I've written a newer version
of the implementation
(for Maple 6) which is more complete and also faster than
the previous version, at least on most,
but not all, large examples. See
timings and
more test examples).
The source code
is now available as well.
There is now also a version for Maple
5.
To install, place the two files
maple.ind and maple.lib in the directory maple/lib
under your home directory, and add the following line (edit the pathname):
libname := `/home/m17/hoeij/maple/lib` , libname:
to your Maple startup file which is
called .mapleinit under Unix. This startup file should be
placed in your homedirectory.
It would be very helpful
for the development of this software if you could e-mail
me any bugs, examples where the code performs poorly, or other problems
you may find.
To use the code just type factor(f) in Maple. To see if the
code is there type the following two commands in Maple
interface(verboseproc=2):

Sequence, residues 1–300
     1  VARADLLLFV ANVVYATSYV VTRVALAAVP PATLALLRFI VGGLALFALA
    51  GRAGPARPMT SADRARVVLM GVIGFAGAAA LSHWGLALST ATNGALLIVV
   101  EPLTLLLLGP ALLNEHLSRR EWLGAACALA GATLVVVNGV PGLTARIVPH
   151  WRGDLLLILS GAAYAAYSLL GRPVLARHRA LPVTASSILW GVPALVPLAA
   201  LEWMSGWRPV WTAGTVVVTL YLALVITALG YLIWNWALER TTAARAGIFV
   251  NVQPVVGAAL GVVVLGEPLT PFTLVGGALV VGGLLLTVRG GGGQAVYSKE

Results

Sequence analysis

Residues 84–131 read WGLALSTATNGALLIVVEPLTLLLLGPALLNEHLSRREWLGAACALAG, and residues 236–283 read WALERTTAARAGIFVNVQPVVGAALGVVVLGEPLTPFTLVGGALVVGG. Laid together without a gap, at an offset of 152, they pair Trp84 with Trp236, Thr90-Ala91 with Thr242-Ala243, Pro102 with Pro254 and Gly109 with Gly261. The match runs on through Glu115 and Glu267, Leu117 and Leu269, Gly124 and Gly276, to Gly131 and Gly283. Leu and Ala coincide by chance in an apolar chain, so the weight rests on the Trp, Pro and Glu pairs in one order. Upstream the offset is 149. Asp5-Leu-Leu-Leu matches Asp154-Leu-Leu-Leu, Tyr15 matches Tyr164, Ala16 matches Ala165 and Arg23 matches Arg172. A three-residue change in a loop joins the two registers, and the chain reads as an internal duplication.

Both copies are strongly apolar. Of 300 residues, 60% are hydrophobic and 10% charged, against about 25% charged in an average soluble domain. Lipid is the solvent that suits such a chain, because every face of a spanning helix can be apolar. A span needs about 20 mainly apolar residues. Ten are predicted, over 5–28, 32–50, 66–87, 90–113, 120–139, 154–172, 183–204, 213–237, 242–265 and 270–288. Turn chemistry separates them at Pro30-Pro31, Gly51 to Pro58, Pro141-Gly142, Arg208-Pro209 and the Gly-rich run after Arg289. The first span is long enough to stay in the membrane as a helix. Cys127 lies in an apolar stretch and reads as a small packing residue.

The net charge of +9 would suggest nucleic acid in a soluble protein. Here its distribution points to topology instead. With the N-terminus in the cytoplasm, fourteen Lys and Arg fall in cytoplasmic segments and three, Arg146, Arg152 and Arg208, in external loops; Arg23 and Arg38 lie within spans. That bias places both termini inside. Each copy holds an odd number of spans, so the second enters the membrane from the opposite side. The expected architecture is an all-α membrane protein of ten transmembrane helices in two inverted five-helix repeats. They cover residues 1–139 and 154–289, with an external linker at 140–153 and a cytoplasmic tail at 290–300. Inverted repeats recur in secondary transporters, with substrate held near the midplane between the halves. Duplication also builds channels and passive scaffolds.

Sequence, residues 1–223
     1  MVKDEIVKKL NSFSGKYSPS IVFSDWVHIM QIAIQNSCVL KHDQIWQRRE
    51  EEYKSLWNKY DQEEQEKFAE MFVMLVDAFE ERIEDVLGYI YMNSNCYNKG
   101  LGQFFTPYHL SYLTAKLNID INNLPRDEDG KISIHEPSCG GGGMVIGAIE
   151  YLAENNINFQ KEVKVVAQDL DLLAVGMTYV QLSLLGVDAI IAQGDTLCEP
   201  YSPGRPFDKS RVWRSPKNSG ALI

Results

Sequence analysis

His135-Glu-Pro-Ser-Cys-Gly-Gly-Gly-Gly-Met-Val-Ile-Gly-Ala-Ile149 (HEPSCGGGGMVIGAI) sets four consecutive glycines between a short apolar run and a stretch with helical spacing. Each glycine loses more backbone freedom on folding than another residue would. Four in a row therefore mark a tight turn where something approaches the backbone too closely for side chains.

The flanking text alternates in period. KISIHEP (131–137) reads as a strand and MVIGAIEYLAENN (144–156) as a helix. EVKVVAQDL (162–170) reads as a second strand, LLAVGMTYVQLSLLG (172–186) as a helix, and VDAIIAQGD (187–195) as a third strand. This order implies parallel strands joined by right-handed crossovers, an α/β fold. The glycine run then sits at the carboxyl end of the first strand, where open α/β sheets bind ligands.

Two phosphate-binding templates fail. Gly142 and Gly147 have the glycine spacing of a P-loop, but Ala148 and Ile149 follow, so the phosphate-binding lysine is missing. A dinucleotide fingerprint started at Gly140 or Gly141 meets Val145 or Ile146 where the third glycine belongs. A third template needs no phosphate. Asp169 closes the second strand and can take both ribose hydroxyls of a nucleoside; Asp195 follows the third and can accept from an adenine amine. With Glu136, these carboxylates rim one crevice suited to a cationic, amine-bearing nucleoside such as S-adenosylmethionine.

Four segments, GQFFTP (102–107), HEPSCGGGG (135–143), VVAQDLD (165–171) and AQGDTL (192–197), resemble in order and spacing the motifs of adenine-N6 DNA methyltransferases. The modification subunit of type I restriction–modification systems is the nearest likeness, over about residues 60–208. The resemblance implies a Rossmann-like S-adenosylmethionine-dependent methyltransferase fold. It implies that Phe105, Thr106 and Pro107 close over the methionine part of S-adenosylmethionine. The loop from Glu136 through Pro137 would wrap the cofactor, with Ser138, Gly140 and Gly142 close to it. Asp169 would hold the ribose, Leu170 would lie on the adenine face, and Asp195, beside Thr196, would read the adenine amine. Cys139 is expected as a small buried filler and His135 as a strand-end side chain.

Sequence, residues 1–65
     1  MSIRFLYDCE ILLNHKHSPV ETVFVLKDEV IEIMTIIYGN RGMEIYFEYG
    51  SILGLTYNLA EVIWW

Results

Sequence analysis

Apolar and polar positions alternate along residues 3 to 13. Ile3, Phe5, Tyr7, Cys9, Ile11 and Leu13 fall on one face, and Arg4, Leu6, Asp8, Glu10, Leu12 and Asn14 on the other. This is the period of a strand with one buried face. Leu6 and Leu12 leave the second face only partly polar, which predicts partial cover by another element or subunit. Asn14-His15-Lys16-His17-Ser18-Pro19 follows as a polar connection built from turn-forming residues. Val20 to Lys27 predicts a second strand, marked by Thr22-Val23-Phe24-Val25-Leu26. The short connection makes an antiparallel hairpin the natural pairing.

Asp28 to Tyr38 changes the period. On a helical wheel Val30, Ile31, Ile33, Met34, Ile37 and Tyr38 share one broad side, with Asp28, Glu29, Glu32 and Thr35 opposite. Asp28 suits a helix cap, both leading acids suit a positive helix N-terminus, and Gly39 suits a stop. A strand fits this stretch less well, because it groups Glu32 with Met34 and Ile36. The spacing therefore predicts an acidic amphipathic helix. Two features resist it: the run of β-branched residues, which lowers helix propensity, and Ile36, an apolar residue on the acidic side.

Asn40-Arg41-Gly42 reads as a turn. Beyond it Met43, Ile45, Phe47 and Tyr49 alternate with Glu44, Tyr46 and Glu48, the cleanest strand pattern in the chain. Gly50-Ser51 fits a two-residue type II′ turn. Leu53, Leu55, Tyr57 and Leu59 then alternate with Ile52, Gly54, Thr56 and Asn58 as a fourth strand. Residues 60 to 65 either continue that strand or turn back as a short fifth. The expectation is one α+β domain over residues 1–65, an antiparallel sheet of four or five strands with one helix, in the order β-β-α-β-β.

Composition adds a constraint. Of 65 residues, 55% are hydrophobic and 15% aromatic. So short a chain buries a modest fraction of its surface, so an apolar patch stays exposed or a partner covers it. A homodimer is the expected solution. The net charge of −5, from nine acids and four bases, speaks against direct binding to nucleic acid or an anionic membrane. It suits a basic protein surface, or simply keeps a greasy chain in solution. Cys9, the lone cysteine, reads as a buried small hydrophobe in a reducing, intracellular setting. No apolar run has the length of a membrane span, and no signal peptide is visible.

op(`factor/knapsack`);
If you succesfully installed the code you should be able to
see the algorithm this way. Type the command:
infolevel[factor]:=10;
to see when `factor/knapsack` gets called and how much time
the lattice reductions take. As a quick test to see if it works issue
the following Maple commands:
a:=sqrt(2)+sqrt(3)+sqrt(5)+sqrt(7)+sqrt(11);
b:=sqrt(2)+sqrt(3)+sqrt(5)+sqrt(7)+sqrt(13);
f1:=evala(Norm(convert(x-a,RootOf)));
f2:=evala(Norm(convert(x-b,RootOf)));
f:=expand(f1*f2);
factor(f);
Factoring this one should now be a piece of cake (30 to 40 seconds on a
P266).
Download this
paper. A previous version of this paper is also still
available: preprint FSU00-13.

**More recent news:**
In the implementation there is some fine tuning to be done (how many
traces to use at a time, and with how many p-adic digits at a time, etc.).
My implementation is not tuned in the
best possible way. A much better way (more efficient, more robust and
simpler) to tune the algorithm is given by
Karim Belabas in
section 2 of his paper
"A relative van Hoeij algorithm over number fields", to appear in
J. Symbolic Computation. So if you want to implement the algorithm,
the best way to get a well tuned implementation is to read Karim's paper.